Indigenous music

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Title Audio Collection Description Composersort icon Date All terms
Koras (Chorus) | East African

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ILAM

A Mamboko dance song with accordian and struck iron. The "struck iron" was an old starter ring from the flywheel of a car. It is necessary to have a circular or 'S' shaped piece of metal for convenient playing of the double beat. The performer called it 'Kengere' or 'Beru' bell.
The sweepers in Nairobi, they say, always come from Embu. Kibunga Waita, the iron player, was no exception. Elsewhere in Africa certain tribes tend to adopt one occupation exclusively.
After hearing a few Kikuyu songs to the accompaniment of the iron and accordian, the listener who is not case hardened to the noise, may experience a singing in the ears for several hours afterwards.
Listening to this kind of Kikuyu music is more a feat of endurance than an aesthetic pleasure.
Further details refer ILAM field card number: F3H 4

1952-06-08 Accordion | Dance song | East African | Embu | Folk music | ILAM | Indigenous music | Johnnie Murethe Wambu | Kengere struck iron | Kenya | Kibunga Waita | Kikuyu | Mwamboko dance | Struck iron
Matsaire | East African

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ILAM

Topical song with guitar. Feliciano's pronunciation of Ndau words, they say, is like a child's speech. "Matsaire, you have finished all the people." Matsaire was killed in a certain village, and his ghost came back demanding recompense, under pain of death to all the village. Details from ILAM field card (H1P-10, 11 - 25).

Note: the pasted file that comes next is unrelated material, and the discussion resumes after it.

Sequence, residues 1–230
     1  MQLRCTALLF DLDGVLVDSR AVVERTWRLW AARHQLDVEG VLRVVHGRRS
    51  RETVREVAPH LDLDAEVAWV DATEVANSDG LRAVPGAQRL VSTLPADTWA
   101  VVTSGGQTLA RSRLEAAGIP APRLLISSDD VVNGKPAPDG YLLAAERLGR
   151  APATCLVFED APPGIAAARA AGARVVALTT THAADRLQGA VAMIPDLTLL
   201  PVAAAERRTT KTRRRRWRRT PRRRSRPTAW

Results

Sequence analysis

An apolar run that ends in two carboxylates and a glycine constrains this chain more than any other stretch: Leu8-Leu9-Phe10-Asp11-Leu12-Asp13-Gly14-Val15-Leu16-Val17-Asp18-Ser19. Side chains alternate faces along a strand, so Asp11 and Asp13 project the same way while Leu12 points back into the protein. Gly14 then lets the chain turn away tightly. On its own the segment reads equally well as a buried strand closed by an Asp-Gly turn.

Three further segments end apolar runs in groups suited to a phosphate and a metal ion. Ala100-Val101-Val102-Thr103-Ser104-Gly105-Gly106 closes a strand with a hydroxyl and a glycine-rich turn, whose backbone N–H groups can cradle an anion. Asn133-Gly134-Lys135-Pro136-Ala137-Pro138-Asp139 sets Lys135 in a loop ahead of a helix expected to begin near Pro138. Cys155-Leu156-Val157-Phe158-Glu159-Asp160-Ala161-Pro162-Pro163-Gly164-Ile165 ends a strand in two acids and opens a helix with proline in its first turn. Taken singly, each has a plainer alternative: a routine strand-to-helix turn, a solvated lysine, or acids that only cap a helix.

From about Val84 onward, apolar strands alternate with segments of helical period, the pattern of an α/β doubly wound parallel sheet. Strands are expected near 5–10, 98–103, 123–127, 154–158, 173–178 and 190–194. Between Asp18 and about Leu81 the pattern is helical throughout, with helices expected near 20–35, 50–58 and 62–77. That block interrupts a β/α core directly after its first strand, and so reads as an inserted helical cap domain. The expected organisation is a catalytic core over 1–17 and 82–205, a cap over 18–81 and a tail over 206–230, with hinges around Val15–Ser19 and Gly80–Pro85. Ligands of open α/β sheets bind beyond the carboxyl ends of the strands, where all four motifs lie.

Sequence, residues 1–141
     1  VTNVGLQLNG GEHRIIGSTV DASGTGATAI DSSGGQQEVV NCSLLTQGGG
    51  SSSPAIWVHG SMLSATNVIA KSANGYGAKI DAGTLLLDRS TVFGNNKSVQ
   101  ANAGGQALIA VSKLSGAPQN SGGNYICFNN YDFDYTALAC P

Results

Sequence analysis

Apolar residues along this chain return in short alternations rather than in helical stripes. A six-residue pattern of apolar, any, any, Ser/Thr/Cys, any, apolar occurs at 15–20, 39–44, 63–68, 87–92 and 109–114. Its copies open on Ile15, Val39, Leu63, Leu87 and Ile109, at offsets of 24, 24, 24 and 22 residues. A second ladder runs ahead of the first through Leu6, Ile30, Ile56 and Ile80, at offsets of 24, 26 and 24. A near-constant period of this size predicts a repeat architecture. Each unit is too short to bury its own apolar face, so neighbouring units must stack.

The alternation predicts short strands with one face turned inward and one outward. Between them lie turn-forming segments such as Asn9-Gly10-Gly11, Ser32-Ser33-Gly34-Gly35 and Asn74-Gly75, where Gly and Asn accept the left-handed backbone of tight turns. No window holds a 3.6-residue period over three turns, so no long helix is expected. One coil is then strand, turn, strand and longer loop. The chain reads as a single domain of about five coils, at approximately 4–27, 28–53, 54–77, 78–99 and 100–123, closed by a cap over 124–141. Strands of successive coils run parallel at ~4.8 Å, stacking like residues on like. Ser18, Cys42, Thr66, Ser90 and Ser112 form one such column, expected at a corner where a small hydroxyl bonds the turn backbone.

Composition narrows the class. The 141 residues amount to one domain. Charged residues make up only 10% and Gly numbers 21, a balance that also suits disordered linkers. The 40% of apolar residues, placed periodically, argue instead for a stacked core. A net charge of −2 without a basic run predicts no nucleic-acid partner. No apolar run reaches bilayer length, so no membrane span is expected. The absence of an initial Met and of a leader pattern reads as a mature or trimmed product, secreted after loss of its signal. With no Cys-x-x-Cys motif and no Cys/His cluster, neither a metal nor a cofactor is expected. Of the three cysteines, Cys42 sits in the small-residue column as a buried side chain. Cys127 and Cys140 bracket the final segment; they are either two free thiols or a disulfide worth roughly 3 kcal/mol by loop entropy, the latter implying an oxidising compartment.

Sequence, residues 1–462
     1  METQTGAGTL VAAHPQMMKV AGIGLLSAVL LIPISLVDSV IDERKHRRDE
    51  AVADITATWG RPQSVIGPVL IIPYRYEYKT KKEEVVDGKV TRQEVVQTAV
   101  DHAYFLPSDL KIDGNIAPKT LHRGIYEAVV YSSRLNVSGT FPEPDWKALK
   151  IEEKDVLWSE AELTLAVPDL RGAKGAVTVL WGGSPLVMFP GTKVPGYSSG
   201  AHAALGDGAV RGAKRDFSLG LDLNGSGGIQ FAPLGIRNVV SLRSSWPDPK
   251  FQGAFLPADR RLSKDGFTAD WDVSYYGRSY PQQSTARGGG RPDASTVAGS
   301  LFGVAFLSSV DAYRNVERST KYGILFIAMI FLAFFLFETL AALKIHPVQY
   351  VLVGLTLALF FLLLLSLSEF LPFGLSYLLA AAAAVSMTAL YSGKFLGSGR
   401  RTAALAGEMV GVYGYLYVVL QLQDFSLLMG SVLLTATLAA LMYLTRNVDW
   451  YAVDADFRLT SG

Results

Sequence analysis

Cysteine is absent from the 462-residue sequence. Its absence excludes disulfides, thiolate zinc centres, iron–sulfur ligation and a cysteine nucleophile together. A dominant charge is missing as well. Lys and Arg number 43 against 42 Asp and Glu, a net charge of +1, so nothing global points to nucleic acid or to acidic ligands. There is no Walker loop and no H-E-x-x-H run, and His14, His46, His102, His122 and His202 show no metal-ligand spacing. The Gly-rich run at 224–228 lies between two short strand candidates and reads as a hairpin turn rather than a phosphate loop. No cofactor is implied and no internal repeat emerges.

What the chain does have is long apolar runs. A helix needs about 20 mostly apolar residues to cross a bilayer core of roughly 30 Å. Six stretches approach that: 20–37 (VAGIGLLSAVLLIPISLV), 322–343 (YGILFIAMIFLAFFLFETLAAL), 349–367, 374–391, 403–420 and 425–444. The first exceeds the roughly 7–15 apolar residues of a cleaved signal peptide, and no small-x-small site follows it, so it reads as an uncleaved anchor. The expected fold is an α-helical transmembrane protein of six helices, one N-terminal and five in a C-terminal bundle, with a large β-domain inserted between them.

1955-08-10 Chibuto district | East African | Gomez o Feliciano, Muntano | Guitar | ILAM | Indigenous music | Mozambique | Ndau | Portuguese East Africa | Sul do Save Province | Topical song
Ndinochema amasebe | Central African

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ILAM

Topical song with mbira dza WaNdau and deze resonator. "See I am crying, mother-in-law.
Poverty, elder brother, alack.
See, Sophiatown is bad, Patisoni
In my distress I think of home
Happiness to you all at Marange."
The singer sings about the conditions in which he finds himself at Sophiatown, near Johannesburg, where he works as a carpenter's assistant. His home, Marange is in the Chipinga District of Southern Rhodesia, about 400 miles north east of Johannesburg.
Details from ILAM record number TP4272-2

1957-01-03 Central African | Chipinga district | ILAM | Indigenous music | Mount Selinda | Ndau | Rhodesia | Simon Mafiru Sitole | Southern Rhodesia | Topical song | Zimbabwe
Tingana mukon'wana | East African

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ILAM